As Donald Trump stood at a podium in North Carolina Friday afternoon and denied the allegations of multiple women who have accused him of making inappropriate and physically aggressive sexual advances on them, a former contestant on his hit reality television show, The Apprentice, went in front of cameras in California to describe in lurid detail another such alleged episode.
The latest accuser, Summer Zervos, appeared briefly on the television program in 2006, but made contact with Trump afterward in hopes of getting a job. On Friday, sitting next to attorney Gloria Allred, she tearfully described him as aggressively sexual and lewd during a meeting at a California hotel.
Zervos was not even the first woman to go public on Friday. Earlier in the day, Washington Post reporter Karen Tumulty reported on another woman, Kristin Anderson, who claimed that in a club in New York City in the 1990s, Trump approached her and, without a word, pushed his hand up her skirt and touched her genitals.
The incident, which Anderson reportedly shared with friends a number of times over the years, is eerily similar to a boast Trump made to Access Hollywood host Billy Bush in a 2005 videotape unearthed last week, in which Trump claimed that his celebrity allowed him to do things to women, including “grab[bing] them by the pussy” with impunity.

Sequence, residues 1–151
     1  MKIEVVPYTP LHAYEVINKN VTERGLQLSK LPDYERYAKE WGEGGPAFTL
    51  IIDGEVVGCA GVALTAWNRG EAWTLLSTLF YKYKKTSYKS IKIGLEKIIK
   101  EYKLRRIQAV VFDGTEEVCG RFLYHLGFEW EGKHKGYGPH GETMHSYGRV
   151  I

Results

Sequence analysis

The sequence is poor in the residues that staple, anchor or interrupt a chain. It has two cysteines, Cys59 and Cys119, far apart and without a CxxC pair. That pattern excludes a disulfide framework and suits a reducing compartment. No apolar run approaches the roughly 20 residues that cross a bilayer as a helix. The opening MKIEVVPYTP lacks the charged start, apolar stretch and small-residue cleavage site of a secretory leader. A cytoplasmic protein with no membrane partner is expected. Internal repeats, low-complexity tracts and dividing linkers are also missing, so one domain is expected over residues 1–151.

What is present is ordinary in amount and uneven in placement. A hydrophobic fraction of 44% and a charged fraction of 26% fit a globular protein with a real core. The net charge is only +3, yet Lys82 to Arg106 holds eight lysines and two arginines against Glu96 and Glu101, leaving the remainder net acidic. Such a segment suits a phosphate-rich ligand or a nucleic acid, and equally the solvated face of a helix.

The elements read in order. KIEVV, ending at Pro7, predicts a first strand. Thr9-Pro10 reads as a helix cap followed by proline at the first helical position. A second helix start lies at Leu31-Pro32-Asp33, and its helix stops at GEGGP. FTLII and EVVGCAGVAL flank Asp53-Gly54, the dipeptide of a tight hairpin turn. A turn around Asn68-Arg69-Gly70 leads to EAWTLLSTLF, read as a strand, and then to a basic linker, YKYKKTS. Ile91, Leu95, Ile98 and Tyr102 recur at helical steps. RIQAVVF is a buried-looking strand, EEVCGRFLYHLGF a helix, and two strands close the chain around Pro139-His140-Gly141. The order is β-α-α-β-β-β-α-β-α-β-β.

At his campaign event Friday afternoon, Trump continued to insist that all of the accusations now arising are totally false.
“They have no witnesses,” he said. “There’s nobody around. They just come out. Some are doing it for probably a little fame. They get some free fame.”
He also stepped up his odd choice of defense: implying that he doesn’t find some of his accusers attractive and would therefore have been ... not interested in assaulting them?
He referred to one woman who says Trump groped her on a plane many years ago as “that horrible woman,” and went on to demean her looks. “Believe me, she would not be my first choice.”
He again seemed to suggest that People magazine writer Natasha Stoynoff, who wrote a first-person piece alleging that Trump assaulted her, is unattractive. “She is a liar,” he said, denying that he had assaulted her. “Check out her Facebook page, you’ll understand.” On Thursday, Trump made similar comments, urging his followers to “look at her” and saying, “I don’t think so.”
Allred, the attorney representing Zervos, is well-known for representing women in workplace bias cases. At the close of today’s press conference she said, “Many other women have contacted me” about being harassed by Trump. However, she said that she did not yet know whether any would come forward.
Zervos, who identified herself as a Republican, suggested that she had come forward for the sake of her own peace of mind. “I want to be able to sleep, when I’m 70, at night.”
Anderson’s story was different. Despite the Trump campaign’s suggestion that she was looking for fame or some sort of financial gain from telling her story, she did not come to The Washington Post on her own. According to Tumulty, the reporter, she was given a tip by someone who had heard Anderson tell her story about Trump and encouraged her to check it out.
Anderson said that she agreed to go public because she felt she ought to support the other women who had done so.